On a variety of topics, including electoral politics, it's too easy to lapse into synchronic thinking—i.e., analysis based on the current landscape rather than looking diachronically at the trajectory of the topic. We may know that the picture is constantly moving, but we have a tendency to speak and behave as if it has always looked like this, or that it still looks the way it looked back when we first really saw the picture.
So let's look at some historical trends.
I am old enough to remember the Democratic National Convention in Chicago in 1968, even though I was too young at the time to grasp what was really going on there. That year, US involvement in Vietnam became, shall we say, unpopular among draft-age Americans. Many of those young people associated the Vietnam conflict (as well as racial oppression in the South and elsewhere) with the Democratic Party.
These mostly young citizens went to Chicago that August, thousands upon thousands of them, and made a lot of noise in the streets and parks. The reward for their efforts: Mayor Richard J. Daley sent in the police to bludgeon them and fill the city jails with their bloodied and bruised bodies, and Vice President Hubert Humphrey elbowed past some more popular candidates to take the nomination.
Some of the protesters outside the convention imagined that they would be able to change and rearrange the world immediately. Others took the long view: Victory for peace and justice may not come today, but the process to bring about that victory must start somewhere, some time, so why not here and now?
How many of the protesters could have foreseen these developments?
- A pro-peace presidential candidate, Sen. George McGovern of South Dakota, would receive the nomination in 1972, only to receive a sound thumping from Richard Nixon.
- The Democratic Party would lick its wounds and begin doing whatever it could to thwart pro-peace and progressive candidates thereafter.
- Georgia Governor Jimmy Carter, a moderate, would win the 1976 election, mainly because of Watergate and the perceived illegitimacy of Gerald Ford's unelected presidency-by-default.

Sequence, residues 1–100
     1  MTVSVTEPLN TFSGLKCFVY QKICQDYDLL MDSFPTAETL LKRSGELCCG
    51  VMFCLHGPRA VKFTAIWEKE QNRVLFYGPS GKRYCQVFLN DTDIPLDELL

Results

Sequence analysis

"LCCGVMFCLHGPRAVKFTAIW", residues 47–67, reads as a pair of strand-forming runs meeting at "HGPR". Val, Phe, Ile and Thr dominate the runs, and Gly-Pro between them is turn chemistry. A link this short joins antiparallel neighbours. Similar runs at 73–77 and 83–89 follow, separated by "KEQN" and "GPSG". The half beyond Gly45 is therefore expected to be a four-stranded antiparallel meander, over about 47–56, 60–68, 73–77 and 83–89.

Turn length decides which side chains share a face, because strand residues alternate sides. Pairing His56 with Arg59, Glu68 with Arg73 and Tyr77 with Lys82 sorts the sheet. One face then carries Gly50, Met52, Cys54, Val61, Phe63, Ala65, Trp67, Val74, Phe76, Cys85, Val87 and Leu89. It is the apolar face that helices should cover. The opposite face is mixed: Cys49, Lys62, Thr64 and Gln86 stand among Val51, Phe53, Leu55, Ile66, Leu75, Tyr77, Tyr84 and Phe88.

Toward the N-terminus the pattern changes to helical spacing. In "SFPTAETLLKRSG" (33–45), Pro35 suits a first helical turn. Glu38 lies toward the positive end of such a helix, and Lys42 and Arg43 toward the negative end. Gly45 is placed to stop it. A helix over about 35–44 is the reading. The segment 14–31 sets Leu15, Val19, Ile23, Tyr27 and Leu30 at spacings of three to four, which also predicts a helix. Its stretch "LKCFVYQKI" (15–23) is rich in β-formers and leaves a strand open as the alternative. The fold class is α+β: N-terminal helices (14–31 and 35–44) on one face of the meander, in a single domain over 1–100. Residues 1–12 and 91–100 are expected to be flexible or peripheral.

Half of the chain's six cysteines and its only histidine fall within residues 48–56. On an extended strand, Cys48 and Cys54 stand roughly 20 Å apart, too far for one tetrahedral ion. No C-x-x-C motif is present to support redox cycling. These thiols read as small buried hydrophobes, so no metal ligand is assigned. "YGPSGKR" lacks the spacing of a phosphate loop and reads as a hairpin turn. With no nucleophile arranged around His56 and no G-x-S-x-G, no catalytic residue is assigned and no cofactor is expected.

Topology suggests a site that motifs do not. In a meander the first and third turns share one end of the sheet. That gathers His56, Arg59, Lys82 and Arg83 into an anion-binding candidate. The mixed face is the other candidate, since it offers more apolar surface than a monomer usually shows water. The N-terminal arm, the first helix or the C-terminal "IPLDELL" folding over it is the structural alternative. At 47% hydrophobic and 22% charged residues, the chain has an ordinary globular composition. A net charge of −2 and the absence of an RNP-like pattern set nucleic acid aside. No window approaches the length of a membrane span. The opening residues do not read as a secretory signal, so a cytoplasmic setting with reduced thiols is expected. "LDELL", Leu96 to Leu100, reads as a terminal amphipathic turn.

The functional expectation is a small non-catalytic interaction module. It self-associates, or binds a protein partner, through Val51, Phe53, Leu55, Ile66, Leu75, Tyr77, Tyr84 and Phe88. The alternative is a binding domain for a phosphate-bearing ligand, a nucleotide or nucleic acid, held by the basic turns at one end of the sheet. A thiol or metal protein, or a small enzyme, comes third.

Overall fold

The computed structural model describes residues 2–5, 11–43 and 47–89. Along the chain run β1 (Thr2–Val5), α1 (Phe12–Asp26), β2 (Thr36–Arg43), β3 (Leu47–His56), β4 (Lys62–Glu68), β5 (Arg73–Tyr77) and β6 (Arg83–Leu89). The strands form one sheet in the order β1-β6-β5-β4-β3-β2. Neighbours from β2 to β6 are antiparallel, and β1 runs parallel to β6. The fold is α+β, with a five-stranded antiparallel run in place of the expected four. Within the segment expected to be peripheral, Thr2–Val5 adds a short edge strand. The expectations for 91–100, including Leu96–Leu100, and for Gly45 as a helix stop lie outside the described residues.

- Democrats would continue nominating middle-of-the-road liberals (Carter, Walter Mondale, Michael Dukakis) and lose three successive presidential elections.
- The Democratic Leadership Council would work to align the party even more with Wall Street and defense contractors, resulting in the triangulation strategy and Bill Clinton's two narrow victories in the 1990s.
- The nation would get fed up with one party within eight years and vote the other way (sometimes with help from the Electoral College system, which makes small-state votes effectively count more than big-state votes): Clinton, Dubya, Obama, Trump.
- Republicans would take over state legislatures and redraw Congressional maps to ensure Republican majorities in Washington.
- Administrations of both major parties would get US military involved in civil strife in at least seven countries simultaneously.
- Even after the watershed administrations of Harold Washington and the reform-minded Richard M. Daley, the Democratic mayor of Chicago in the 2010s would be a corporate-corrupted throwback to the days of Richard J.
- An independent democratic socialist in his 70s would enter the 2016 Democratic primary race, challenging the presumptive nominee, stoking new fires in millions of progressive hearts—and the party's efforts to thwart him would be more overt than ever.
- That democratic socialist's candidacy would inspire a mostly-young, hugely diverse crop of candidates for various offices in 2018, who would go on to win some races and scare the bejeezus out of the party establishment (not to mention the commentators on Fox News).
Some trajectory, eh?
Might the leadership of the Democratic Party actually see, or even read, the proverbial writing on the wall? Might it actually strike them the populist rhetoric and socialist solutions actually resonate with the electorate? Might they tell their corporate mega-donors to piss off? (Hey, as long as we're dreaming, we may as well dream big.) Might the party transform itself into a true political vehicle of, by, and for the people by 2068?